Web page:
I am currently readying myself for the push required to complete the final round of planting in the new garden. The outer wrap went in at the end of March to provide the frame that will feather the garden into the landscape and, with this planting still standing as backdrop, I have been making notes to ensure that the segue into the remaining beds is seamless.
The growing season has revealed the rhythms and the plants that have worked, and the areas where tweaking is required. Whilst there is still colour and volume in the beds I want to be sure that I am making the right moves. The Gaura lindheimerei were only ever intended as a stopgap, providing dependable flower and shelter for slower growing plants. They have done just that, but at points over the summer their growth was too strong and their mood too dominant, going against much of the rest of the planting. This resulted in my cutting several to the base in July to give plants that were in danger of being swamped a chance, and so now they will all be marked for removal. Living fast and dying young is also the nature of the Knautia macedonica and they have also served well in this first growing season. However, their numbers will now be halved if not reduced by two-thirds so that the Molly-the-Witch (Paeonia mlokosewitschii) are given the space they need for this coming year and the Panicum virgatum ‘Shenandoah’ the breathing room they require now that they have got themselves established.
I will also be removing all of the Lythrum salicaria ‘Swirl’ and replacing it with Lythrum virgatum ‘Dropmore Purple’. I was so very sure when I had them in the stock beds that both would work in the planting but, once it was used in number, ‘Swirl’ was too dense and heavy with colour. The spires of ‘Dropmore Purple’ have air between them and this is what is needed for the frame of the garden not to be arresting on the eye and so that you can make the connection with softer landscape beyond.
As a gauzy link into the surroundings and as a means of blurring the boundary the sanguisorba have been very successful. I trialled a dozen or so in the stock beds to test the ones that would work best here. I have used Sanguisorba officinalis ‘Red Thunder’ freely, moving them across the whole of the planting so their veil of tiny drumsticks acts like smoke or a base note. A small number of plants to provide cohesiveness in this outer wrap has been key so that your eye can travel and you only come upon the detail when you move along the paths or stumble upon it. Sanguisorba ‘Cangshan Cranberry’, perhaps the best of the lot for its finely divided foliage, picked up where I broke the flow of the ‘Red Thunder’ and, where variation was needed, Verbena macdougalii ‘Lavender Spires’ has proved to be tireless. Smattered pinpricks, bright mauve on close examination but thunderous and moody at distance, are right for the feeling I want to create and allow you to look through and beyond.
The gauze has been broken by plants that draw attention by their colour being brighter or sharper or the flowers larger and allowing your eye to settle. Sanguisorba hakusanensis (raised from seed I brought back from the Tokachi Millennium Forest) with its sugary pink tassels and lush stands of Cirsium canum, pushing violet thistles way over our heads. The planting has been alive with bees all summer, the Salvia nemerosa ‘Amethyst’, now on its second round of flower after a July cutback, and the agastache only just dimmed after what must be over three months ablaze. Agastache ‘Blackadder’ is a plant I have grown in clients’ gardens before and found it to be short-lived. If mine fail to come through in the spring, I will replace them regardless of its intolerance to winter wet, as it is worth growing even if it proves to be annual here. Its deep, rich colour has been good from the moment it started flowering in May and, though I can tire of some plants that simply don’t rest, I have not done so here.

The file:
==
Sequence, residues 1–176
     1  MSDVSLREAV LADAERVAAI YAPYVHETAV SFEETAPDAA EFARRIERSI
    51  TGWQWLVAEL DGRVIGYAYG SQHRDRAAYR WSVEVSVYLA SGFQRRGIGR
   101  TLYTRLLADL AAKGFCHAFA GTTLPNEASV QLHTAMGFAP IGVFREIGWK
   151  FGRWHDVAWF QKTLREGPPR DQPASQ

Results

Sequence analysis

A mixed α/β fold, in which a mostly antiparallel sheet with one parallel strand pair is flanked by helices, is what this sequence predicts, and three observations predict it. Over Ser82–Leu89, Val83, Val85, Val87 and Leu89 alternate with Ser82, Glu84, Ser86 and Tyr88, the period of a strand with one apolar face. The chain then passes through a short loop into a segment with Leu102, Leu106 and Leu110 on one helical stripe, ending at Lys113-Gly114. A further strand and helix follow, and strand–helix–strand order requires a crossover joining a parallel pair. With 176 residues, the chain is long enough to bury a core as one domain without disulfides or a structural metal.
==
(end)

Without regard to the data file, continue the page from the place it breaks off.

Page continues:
The lighter flashes of colour amongst the moodiness have been important, providing a lift and the key into the brighter palette in the plantings that will be going in closer to the house in a fortnight. More on that later, but a plant that will jump the path and deserves to do so is the Nepeta govaniana. I failed miserably with this yellow-flowered catmint in our garden in Peckham and all but forgot about it until I re-used it at Lowther Castle where it has thrived in the Cumbrian wet. It appears to like our West Country water too and, though drier here and planted on our bright south facing slopes, it has been a truimph this summer.
Nearly all the flowers in the planting here are chosen for their wilding quality and the airiness in the nepeta is good too, making it a fine companion. I have it with creamy Selinum wallichianum, which has taken August and particularly September by storm. It is also good with the Euphorbia wallichii below it, which has flowered almost constantly since April, the sprays dimming as they have aged, but never showing any signs of flagging.
I have rather fallen for the catmints in the last year and been very successful in increasing Nepeta nuda ‘Romany Dusk’ from cuttings from my original stock plant. I plan to use the softness of this upright catmint with the Rosa glauca that step through the beds to provide another smoky foil.
Jumping the path and appearing again in the planting that will be going in in a fortnight are more of the Calamintha sylvatica ‘Menthe’. True to its specific name, this pretty, white calamint seems happy to seed around in cool places and I have used it, as I have the Eurybia diviricata, as a pale and cohesive undercurrent. They weave their way through taller groupings to provide an understory of lightness, breathing spaces and bridges. Both of these are on the autumn order and will jump again into the new palette I have assembled to provide a connection between the two.